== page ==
Master of Science in Green TechnologiesGreen technologies are concerned with intelligent engineering solutions to the increased global energy demand, improved energy efficiency in commercial and consumer products, minimized footprint of energy usage, and smartly engineered industrial ecology for sustainability. The Master of Science in Green Technologies is an interdisciplinary program that is related to almost all traditional engineering disciplines which include fossil energy, alternative energy, energy conversion, energy distribution, energy conservation, environmental engineering, and information and material science approaches to these engineering aspects. It addresses both the supply side in terms of alternative energy sources as well as the demand side in terms of energy efficiency and carbon waste management.
The program requires 27 units, or about 9 courses; 18 units must be at the 500 level and above. At least 18 units must be taken in the Viterbi School of Engineering. All courses must be approved in advance by the appropriate departmental advisors. Students with B.S. degrees in engineering and science disciplines can be accepted to the program.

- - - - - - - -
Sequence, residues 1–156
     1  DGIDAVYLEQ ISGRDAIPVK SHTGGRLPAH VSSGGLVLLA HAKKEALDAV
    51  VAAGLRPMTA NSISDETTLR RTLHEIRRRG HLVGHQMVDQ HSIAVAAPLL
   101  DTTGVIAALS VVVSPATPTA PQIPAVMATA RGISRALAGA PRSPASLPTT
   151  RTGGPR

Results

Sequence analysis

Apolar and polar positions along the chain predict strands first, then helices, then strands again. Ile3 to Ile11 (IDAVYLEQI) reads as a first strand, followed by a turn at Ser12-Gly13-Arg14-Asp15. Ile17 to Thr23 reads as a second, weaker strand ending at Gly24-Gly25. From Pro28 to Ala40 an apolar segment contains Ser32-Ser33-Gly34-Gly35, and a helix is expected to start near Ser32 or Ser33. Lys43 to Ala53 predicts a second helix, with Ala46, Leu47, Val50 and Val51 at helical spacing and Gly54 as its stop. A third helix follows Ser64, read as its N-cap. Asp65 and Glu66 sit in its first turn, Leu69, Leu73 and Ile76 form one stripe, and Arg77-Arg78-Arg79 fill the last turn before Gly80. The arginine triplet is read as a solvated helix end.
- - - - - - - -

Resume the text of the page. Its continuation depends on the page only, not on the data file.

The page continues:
|REQUIRED COURSES (MINIMUM THREE COURSES)||UNITS|
|These are courses in the major topical areas of the theme|
|AME 577||Survey of Energy and Power for a Sustainable Future||3|
|AME 578||Modern Alternative Energy Conversion Devices||3|
|CHE 510||Energy and Process Efficiency||3|
|EE 513||Solid State Energy Devices||3|
|ISE 576||Industrial Ecology: Technology-Environment Interaction||3|
|AME 581||Introduction to Nuclear Engineering||3|
|CE 518||Carbon Capture and Sequestration||3|
|CE 587||Transportation Energy Analysis||3|
|EE 521||Power Systems||3|
|EE 526||Renewable Energy in Power Systems||3|
|ENE 505||Energy and the Environment||3|
|POSC 546||Seminar in Environmental Policy||4|
At least six courses are required from the entire list of required and technical electives.
Other technical electives can be taken with approval of faculty advisors in the participating departments to achieve depth in subject areas relevant to the student’s undergraduate major. For example, students with previous electrical engineering backgrounds will likely take courses in nanotechnology, smart-grid technologies and efficient power distribution. Those with mechanical engineering backgrounds may take courses in combustion, advanced design and radiation heat transfer. Those with backgrounds in chemical engineering may take courses in process design, materials efficiency and nanotechnology.
Special approval may be granted to waive prerequisites if students have taken the equivalent course work elsewhere.